Figure 2 shows that the thermal stability of polyethylene increases by the addition of doped titania to the polymer matrix. This variation in the thermal stability alludes to the fact that there is an increase in the molecular weight of the polyethylene by addition of filler. With respect to the ash content, the ash content for neat polyethylene (Entry 1 Table 1) is almost ground to zero, but in the case of nanocomposite (Entry 2 Table 1) small weight percentage of ash is left out which is due to the filler content in this sample.

964353.fig.002
Figure 2: TGA curves of neat polyethylene (Entry 1 Table 2) and polyethylene with doped titania (Entry 2 Table 2) synthesized at high pressure (5 bar) using Zirconocene catalyst.

From Table 1 it can be concluded that there is an increase in the molecular weight of the synthesized polyethylene nanocomposites with respect to pressure. Figure 3 illustrates that the thermal stability of nanocomposite synthesized at ethylene pressure of 2 bar (Entry 5 Table 1) is less when compared to the nanocomposite synthesized at 5 bar (Entry 2 Table 1) ethylene pressure.

964353.fig.003
Figure 3: TGA curves of neat polyethylene synthesized at 5 bar (Entry 1 Table 1) and polyethylene with doped titania synthesized at 2 bar (Entry 5 Table 1) using Zirconocene catalyst.

It is usually assumed that upon completion of TGA, all carbon has been removed in the forms of CO and CO2 and that all remaining material consists of metal oxides. In the case of polyethylene/doped-titania nanocomposite less ash is found which is due to the polymer to filler ratio, since the activity in the presence of doped titania is very high [42], the filler weight percentage is very low which corresponds to less ash content in the TGA curves.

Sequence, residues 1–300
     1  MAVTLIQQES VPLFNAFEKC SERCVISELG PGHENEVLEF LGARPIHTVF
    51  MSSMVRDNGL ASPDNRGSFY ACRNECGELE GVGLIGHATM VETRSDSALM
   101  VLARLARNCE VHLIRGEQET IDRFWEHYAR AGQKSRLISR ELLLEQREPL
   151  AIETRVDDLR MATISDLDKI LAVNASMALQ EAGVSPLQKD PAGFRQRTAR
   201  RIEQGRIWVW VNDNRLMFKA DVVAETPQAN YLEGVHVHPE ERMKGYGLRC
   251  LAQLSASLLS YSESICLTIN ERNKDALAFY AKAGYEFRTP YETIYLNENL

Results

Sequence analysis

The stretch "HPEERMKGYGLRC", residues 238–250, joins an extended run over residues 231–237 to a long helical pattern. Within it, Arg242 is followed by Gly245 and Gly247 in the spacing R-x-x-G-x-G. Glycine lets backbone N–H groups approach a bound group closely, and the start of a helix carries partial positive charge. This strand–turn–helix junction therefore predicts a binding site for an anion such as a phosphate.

3.3. Mechanical Properties of Polyethylene/Doped-Titania Nanocomposites

Table 2 gives the overall view of mechanical properties of polyethylene/doped-titania nanocomposites, that is, elastic modulus, ultimate strength, strain at fracture with respect to reaction time. In each case, minimum of five samples were tested, and the tabulated values are the average of these results. It can be observed that the elastic modulus and ultimate strength show good enhancement with the addition of filler, and this enhancement is further seen with respect to reaction time as well, which is believed to be due to good interface between polymer and TiO2/Mn, thus transferring load from polymer to the nanofiller. It is evident from Table 2 that the filler enhances the mechanical properties of the polyethylene to a great extent as the percentage of strain at fracture increases in multitudes by addition of filler which further increases by the reaction time. This conclusion is very important as this filler not only enhances the activity of the polyethylene [42] but it even enhances the thermal and mechanical properties which widens the application of this filler.

tab2
Table 2: Results of ethylene polymerizationa.

4. Conclusion

The improvement of nanoparticles dispersion in the polyethylene matrix was checked by WAXD. The thermal properties were analyzed using differential scanning calorimetry and thermogravimetric analysis. The melting temperature varied in accordance to the degree of short-chain branching as increasing short-chain branching density decreases lamellar thickness of the crystal structure and thus lowers melting temperature of the polymer. The thermal stability of the polymer nanocomposites was found to vary in accordance with the molecular weight, and the ash content was analyzed in prospect of filler weight percentage in the nanocomposites. There was an increase in the mechanical properties of the polyethylene by addition of filler and with respect to reaction time as well.